Preferably, pins 37 are coaxial and substantially perpendicular to axle 34. The axes of pins 37 and axle 34 preferably intersect at a point over the center of gravity CG of pendulum body 21.
Persons skilled in the art should also recognize that having frame 31, bearing(s) 32 and axle 34 behind the pendulum creates a shorter gimbal assembly 30 along a vertical axis. This in turn may allow the pendulum to be positioned closer to window 15.
A shorter gimbal assembly 30 may also allow the vertical laser assembly 40 to project the vertical planar beam VP (and thus vertical line VL) that extends behind axle 37, as shown in
Gimbal body 35 may have a slot 35S to allow vertical planar beam VP to project through gimbal body 35 and/or through the axis of pins 37.
Persons skilled in the art will recognize that the gimbal assembly 30 preferably has a pair of bearings (e.g., bearings 32) not disposed between the other pair of bearings (e.g., bearings 36). In other words, a pair of bearings (e.g., bearings 32) may be disposed on one side of the axis of rotation defined by the other pair of bearings (e.g., bearings 36). Accordingly, the center of gravity CG is still between one pair of bearings (bearings 36), though not both pairs.
An alternate embodiment of gimbal assembly 30 may be seen in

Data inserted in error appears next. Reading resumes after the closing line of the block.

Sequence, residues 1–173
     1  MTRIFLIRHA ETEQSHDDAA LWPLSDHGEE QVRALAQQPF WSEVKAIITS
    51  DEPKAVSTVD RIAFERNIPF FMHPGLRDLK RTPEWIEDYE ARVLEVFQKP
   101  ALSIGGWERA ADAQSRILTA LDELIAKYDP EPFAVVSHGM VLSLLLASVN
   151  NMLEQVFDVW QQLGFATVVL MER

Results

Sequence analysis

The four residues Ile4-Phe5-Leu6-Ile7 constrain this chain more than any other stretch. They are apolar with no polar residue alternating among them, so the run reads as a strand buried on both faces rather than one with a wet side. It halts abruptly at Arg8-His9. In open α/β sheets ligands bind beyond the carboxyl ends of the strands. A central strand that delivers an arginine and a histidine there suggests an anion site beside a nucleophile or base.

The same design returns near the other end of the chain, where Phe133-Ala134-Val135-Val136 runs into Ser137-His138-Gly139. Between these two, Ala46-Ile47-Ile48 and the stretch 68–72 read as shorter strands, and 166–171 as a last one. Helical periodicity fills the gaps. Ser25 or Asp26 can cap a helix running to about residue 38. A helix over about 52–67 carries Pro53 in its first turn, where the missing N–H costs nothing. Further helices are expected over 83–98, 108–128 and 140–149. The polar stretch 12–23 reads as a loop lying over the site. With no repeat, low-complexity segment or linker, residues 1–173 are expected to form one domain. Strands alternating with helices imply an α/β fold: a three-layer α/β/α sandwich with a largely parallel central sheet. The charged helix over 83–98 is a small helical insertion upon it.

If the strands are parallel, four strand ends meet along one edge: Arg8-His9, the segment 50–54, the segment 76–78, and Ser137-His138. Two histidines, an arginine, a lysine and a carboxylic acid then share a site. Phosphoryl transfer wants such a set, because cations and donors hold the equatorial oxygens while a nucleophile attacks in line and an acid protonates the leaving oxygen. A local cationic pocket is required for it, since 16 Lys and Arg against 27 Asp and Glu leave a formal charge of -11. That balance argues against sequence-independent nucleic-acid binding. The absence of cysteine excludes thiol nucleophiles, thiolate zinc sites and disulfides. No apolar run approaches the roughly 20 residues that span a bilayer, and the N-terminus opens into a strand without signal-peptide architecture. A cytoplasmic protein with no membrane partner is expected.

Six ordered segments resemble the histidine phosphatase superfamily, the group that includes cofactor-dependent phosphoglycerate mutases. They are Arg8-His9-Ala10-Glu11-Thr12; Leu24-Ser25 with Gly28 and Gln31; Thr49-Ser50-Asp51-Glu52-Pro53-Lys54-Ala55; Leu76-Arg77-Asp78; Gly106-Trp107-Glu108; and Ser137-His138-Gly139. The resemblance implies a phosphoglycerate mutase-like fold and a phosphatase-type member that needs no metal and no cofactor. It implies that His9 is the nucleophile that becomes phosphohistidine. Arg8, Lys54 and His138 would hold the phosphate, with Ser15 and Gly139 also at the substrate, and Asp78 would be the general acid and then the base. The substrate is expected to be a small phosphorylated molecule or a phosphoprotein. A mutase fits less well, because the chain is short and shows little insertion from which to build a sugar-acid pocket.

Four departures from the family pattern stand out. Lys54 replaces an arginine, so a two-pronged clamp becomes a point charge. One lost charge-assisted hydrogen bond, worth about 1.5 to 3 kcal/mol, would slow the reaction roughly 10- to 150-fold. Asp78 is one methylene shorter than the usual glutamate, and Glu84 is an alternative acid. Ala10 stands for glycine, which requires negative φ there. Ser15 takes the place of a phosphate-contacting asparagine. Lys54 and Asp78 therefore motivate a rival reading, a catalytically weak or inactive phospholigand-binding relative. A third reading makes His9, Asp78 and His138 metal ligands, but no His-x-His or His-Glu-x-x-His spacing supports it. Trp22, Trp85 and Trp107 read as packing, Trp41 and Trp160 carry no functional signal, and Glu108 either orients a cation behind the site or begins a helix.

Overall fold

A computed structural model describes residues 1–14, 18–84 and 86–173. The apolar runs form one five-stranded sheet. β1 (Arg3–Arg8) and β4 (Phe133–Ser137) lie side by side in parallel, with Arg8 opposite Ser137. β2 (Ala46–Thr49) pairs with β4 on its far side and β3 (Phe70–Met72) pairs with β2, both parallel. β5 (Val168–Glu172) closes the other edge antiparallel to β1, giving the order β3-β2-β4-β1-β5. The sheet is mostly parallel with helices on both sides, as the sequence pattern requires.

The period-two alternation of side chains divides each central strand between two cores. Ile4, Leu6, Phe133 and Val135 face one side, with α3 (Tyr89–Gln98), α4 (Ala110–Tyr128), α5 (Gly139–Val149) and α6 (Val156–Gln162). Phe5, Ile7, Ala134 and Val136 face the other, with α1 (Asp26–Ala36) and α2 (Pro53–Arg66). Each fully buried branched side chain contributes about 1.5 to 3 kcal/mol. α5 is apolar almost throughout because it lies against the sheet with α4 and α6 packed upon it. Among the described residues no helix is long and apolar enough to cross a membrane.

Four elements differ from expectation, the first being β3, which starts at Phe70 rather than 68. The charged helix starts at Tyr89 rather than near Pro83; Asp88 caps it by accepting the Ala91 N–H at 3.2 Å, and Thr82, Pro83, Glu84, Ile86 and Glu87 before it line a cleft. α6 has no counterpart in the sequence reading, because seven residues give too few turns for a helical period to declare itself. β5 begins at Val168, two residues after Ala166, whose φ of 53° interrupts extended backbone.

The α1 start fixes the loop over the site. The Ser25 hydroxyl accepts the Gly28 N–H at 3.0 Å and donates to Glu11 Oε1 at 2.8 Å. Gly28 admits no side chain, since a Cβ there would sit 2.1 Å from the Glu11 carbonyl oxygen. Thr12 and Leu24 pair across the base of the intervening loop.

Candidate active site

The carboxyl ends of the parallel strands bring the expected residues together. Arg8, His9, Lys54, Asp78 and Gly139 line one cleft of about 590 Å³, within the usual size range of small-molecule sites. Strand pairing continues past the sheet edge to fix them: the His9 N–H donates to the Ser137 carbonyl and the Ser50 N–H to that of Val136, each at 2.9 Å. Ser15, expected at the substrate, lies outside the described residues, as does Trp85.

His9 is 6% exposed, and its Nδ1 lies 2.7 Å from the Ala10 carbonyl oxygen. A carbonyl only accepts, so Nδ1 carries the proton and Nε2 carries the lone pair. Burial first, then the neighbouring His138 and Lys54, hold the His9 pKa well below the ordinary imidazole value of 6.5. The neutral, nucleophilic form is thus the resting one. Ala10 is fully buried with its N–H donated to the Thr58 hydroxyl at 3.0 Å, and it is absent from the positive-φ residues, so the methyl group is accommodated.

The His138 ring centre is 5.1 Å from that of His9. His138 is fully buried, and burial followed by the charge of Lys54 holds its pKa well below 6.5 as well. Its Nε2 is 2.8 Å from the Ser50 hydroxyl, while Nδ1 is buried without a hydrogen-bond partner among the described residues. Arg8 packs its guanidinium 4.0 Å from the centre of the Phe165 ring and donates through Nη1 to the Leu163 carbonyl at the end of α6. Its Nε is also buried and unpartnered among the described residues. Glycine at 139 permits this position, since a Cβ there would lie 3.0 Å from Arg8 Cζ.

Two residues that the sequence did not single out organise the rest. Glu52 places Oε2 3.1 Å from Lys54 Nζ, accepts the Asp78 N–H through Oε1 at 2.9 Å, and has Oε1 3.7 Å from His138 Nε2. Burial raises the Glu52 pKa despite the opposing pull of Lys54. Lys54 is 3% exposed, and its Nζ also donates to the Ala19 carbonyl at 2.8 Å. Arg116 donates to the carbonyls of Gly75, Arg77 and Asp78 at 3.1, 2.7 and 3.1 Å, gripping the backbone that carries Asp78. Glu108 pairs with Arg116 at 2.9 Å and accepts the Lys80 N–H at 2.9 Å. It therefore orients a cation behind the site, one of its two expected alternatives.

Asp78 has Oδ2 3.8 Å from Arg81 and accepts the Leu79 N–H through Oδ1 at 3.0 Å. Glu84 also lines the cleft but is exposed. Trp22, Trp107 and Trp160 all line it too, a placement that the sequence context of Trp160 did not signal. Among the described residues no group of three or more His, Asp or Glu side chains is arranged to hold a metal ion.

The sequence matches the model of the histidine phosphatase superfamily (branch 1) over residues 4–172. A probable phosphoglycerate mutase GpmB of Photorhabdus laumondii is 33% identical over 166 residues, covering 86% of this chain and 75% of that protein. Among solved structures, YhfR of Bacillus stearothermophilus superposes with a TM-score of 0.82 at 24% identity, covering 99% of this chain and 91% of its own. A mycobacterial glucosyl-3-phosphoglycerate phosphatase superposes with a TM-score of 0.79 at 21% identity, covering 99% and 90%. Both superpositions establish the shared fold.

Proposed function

Pendulum body 21 may also have a bottom plate 22. Bottom plate 22 may be made of copper. A rubber piece or O-ring 22O may be provided on the bottom plate 22 or elsewhere on the pendulum body 21 (such as rubber piece or O-ring 24O) to deaden any vibrating, and thus limit rattling of the pendulum assembly 20. Bottom plate 22 may magnetically interact with a magnet 15 disposed in housing 11 for magnetically damping pendulum assembly 20, as is well known in the art.
Pendulum body 21 may have a laser barrel 25 for holding each laser assemblies 40. As shown in
Persons skilled in the art will also recognize that the axes of the laser barrels 25 are preferably neither parallel nor coplanar. The laser barrel 25 supporting the vertical laser assembly 40 is preferably inclined relative to the laser barrel 25 supporting the horizontal laser assembly 40. In particular, the laser barrel 25 supporting the vertical laser assembly 40 is preferably inclined upwardly at an angle of about 40 degrees from a horizontal line.
A collimating lens holder 42 supporting collimating lens 42L is inserted into the other side of laser barrel 25. Collimating lens holder 42 may be made of aluminum. Collimating lens holder 42 may be affixed to laser barrel 25 via glue, a locking compound (such as Loc-Tite), a cap, or a set screw, etc.
A line or cylindrical lens 43 is preferably inserted into a lens holder 44. The lens holder 44 is then pivotally attached to barrel connector 45 via a pin 46. The barrel connector 45 is then disposed on laser barrel 25. Lens holder 44 and/or barrel connector 45 may be made of brass.